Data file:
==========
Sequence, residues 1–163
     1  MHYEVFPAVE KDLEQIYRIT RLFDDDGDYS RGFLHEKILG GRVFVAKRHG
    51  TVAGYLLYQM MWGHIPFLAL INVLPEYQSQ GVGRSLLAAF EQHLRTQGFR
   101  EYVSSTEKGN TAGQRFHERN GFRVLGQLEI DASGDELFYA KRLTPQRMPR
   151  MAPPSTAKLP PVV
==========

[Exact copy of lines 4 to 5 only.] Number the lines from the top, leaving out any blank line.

   101  EYVSSTEKGN TAGQRFHERN GFRVLGQLEI DASGDELFYA KRLTPQRMPR
   151  MAPPSTAKLP PVV